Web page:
Dare I say it — after all I’m a transplant, too, from Illinois, though I got here as quick as I could: tell these immigrants they are welcome, but leave their higher tax and social spending mentalities back in their previous home state!
Last couple weeks have been a real estate blur. I was up in Frisco at Phillips Creek Ranch, where the dirt is flying as Republic Property group develops 957 acres into 547 home sites, bringing in more than 2,500 homes and 12,000 residents — whew! Across Legacy, Craig Ranch is getting hot. In fact, go north of Legacy and you may need a bandanna — dirt is just blowing in the wind as the ‘dozers prep homesites for thousands of families. I spoke to the marketing director of a large national home builder who knows his website stats forward and backwards: people are moving to Texas in droves, he told me, and the top feeder states are the boo-boo blue states California, Illinois and New York, in that order.
Which correlates totally to what Joanna wrote awhile back: it may not be our lower taxes that are bringing in all these transplants. It may be our great housing prices.
The blue states, writes Joel Kotkin, seem pretty intent on keeping that steady stream of affluent migration to us streaming. Shall we thank them? Pretty soon the only folks left behind in the “boo-booed” blue will be the very rich and the poor:
They appear to have chosen an economic path that essentially penalizes their own middle and upper-middle class residents, believing that keeping up public spending, including on public employee pensions, represents the best way to boost their economy. Yet the gambit of raising state income taxes could not be coming at a worse time. The president’s adopted tax reforms have eliminated write-offs for state taxes for those individuals with incomes over $250,000 and families earning over $300,000. As a result, the affluent residents of these states — California, New York, New Jersey and Illinois alone count for 40% of these deductions nationally — now can expect to get whacked coming and going.
The affluent, notes Kotkin, are not billionaires. Between 2006 and 2009, he writes, California lost a net 45,000 taxpayers earning between $5 million and $300,000 a year, according to the Ca. State Department of Finance. That’s your work-horse population: they are abundant, hard-working, procreate and consume. They also pay taxes but are the ones who seem to get really whacked, as Kotkin calls it, whenever Washington or the state legislature needs money. Why? Well the poor slug earning $30,000 a year isn’t going to pay up, and the billionaires have at their fingertips staffs of CPAs and off-shore trusts — minimum investment $500,000 — where they can minimize taxes and run their estates like corporations. Look at corporations like Facebook, Wells Fargo, and General Electric who apparently pay no taxes.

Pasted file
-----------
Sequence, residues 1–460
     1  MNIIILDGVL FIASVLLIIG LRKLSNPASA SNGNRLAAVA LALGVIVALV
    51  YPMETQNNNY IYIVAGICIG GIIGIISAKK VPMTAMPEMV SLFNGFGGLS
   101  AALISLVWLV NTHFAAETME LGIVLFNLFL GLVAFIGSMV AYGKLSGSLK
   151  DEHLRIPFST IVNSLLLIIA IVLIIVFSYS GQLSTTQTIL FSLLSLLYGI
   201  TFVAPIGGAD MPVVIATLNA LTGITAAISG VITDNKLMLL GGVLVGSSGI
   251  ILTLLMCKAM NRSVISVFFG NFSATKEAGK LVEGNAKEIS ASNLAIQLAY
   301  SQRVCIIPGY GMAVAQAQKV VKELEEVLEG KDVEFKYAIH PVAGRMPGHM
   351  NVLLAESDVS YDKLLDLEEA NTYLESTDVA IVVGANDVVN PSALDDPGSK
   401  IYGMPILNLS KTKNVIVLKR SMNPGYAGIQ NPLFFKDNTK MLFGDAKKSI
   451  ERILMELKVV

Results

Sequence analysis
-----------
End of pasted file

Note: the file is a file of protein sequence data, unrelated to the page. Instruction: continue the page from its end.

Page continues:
Another plus for us: those $300K to $5 million a year wage earners moving to Texas also buy houses, often plural. I’m hearing now that US Air execs are starting to house hunt in Dallas, moving here from Phoenix.
Kotkin says that last year, all ten of the leading states gaining domestic migrants were low-tax states, including five with no income tax: Texas, Florida, Tennessee, Washington and Nevada. The highest rates of outward-bound migration came from New Jersey, New York, Illinois and California. That will leave those states with fewer to support the tax raises and pension benefit increasing they are enacting — which may act as a fiscal band aid at first, the “fiscal crack”, as revenues increase and the economy appears to recover.
But then, slowly, the $300K to $5M a year worker bees say we’ve had enough, see ya’, wouldn’t want to be ya, and they come to Texas.
Dare I say it — after all I’m a transplant, too, from Illinois, though I got here as quick as I could: tell these immigrants they are welcome, but leave their higher tax and social spending mentalities back in their previous home.